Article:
Dark Side of Venus Revealed in New NASA Photos

Images taken of Venus’ “night side,” or the side facing away from the sun, offer a never-before-seen look at Earth’s neighbor

Venus dark side
NASA/APL/NRL (left), Magellan Team/JPL/USGS (right)
NASA’s Parker Solar Probe has taken its first visible light images of the surface of Venus from space.

A NASA spacecraft has captured never-before-seen images of Venus, providing stunning views of the hellishly hot surface of the second rock from the sun.

Appearing radiant against the cosmic backdrop, the images show Venus in visible light, which is the part of the electromagnetic spectrum that the human eye can see. A detailed analysis of the images, taken of Venus' "night side," or the side facing away from the sun, was published Wednesday in the journal Geophysical Research Letters.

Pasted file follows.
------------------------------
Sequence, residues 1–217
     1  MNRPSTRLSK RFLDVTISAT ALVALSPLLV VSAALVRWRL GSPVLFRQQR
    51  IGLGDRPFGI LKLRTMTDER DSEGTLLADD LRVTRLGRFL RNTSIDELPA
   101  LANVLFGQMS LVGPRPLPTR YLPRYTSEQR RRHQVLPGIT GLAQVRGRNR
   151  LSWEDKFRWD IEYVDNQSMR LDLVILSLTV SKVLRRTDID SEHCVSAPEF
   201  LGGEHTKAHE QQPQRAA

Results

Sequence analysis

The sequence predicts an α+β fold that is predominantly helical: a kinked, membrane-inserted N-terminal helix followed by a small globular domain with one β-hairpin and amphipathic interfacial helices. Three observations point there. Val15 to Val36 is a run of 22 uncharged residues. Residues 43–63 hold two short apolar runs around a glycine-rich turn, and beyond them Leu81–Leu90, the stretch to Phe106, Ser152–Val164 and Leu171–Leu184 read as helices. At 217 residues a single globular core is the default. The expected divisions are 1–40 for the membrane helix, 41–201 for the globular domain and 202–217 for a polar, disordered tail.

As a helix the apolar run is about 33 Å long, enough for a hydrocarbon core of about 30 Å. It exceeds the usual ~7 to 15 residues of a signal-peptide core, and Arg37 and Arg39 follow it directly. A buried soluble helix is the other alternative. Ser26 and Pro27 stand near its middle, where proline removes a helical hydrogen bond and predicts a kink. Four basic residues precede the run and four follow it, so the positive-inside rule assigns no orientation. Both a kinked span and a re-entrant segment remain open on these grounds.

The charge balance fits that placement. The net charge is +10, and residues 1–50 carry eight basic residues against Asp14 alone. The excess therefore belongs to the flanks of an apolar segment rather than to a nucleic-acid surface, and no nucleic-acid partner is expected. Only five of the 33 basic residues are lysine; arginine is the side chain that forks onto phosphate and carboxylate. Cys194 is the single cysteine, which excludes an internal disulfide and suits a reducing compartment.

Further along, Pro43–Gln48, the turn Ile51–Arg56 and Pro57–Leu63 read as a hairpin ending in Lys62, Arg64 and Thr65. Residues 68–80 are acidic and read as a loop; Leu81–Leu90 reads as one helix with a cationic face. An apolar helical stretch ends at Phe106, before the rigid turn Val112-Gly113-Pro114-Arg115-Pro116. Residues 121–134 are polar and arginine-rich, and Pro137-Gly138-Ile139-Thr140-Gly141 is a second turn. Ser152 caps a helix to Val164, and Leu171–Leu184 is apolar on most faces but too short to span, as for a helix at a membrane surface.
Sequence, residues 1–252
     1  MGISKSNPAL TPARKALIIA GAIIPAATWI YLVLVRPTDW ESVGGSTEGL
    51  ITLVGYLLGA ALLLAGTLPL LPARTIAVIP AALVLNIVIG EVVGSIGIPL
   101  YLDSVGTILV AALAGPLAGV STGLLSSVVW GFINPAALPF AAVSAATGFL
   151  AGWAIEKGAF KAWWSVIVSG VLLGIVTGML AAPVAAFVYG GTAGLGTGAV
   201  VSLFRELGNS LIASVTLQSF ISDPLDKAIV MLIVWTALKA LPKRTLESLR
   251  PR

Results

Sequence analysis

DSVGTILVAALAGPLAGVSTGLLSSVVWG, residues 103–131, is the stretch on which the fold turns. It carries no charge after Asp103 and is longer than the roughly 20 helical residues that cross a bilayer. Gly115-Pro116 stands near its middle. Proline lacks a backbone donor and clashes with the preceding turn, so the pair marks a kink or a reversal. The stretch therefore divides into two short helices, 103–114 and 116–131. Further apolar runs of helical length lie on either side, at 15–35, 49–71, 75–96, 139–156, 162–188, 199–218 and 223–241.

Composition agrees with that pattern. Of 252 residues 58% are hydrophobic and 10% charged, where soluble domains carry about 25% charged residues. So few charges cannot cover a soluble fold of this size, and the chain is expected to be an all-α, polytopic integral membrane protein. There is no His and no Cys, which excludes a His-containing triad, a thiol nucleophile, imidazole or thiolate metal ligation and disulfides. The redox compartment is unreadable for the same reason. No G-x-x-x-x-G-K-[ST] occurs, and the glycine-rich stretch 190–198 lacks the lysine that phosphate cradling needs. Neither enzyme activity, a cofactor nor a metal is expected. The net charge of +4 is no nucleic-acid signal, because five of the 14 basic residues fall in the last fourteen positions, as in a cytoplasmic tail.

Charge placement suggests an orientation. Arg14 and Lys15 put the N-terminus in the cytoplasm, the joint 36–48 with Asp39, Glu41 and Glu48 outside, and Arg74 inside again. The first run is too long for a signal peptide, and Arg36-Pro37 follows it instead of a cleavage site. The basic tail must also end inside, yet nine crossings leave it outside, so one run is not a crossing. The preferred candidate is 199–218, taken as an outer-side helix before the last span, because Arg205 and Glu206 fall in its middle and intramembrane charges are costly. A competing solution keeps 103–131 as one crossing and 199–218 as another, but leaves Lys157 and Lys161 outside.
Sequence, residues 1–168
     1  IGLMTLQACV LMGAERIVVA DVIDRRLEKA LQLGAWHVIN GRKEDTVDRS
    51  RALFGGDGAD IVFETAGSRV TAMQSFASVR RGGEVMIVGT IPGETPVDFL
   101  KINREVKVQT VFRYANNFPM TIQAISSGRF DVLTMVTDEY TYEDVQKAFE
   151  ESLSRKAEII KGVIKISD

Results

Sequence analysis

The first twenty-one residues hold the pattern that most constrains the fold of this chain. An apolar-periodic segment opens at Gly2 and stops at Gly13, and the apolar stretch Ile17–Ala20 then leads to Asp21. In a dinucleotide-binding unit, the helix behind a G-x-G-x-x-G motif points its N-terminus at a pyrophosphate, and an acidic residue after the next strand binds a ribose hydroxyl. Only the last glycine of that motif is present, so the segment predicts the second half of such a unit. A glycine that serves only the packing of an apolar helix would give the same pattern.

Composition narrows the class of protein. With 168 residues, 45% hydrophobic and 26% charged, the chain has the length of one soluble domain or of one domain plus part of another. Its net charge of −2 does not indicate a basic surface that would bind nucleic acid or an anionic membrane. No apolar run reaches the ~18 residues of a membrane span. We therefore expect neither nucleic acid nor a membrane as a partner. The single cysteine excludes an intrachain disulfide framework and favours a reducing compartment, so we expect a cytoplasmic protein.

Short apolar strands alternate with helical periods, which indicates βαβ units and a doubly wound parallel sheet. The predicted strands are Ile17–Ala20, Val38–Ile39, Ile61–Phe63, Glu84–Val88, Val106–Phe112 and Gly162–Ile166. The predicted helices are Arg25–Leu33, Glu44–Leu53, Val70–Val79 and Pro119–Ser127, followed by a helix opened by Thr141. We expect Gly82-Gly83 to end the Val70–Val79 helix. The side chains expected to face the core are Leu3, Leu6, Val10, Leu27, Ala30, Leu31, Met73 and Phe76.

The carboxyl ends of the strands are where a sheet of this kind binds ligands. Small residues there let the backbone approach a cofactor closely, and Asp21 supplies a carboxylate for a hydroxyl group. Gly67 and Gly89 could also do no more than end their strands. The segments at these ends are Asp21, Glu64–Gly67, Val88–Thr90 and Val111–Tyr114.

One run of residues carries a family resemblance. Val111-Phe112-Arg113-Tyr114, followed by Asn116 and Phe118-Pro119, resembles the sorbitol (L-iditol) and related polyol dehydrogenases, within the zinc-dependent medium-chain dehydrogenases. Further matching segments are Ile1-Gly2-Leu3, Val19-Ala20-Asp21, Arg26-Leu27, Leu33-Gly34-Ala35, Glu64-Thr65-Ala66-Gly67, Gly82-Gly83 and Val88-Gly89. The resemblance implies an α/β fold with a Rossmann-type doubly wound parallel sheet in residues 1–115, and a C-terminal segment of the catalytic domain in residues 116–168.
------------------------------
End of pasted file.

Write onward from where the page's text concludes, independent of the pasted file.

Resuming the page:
In addition to revealing characteristics of Venus' landscape and geological makeup, the photos could help scientists understand more about Earth's neighbor and "twin," including why Venus ended up so inhospitable despite being a similar size and density to Earth.

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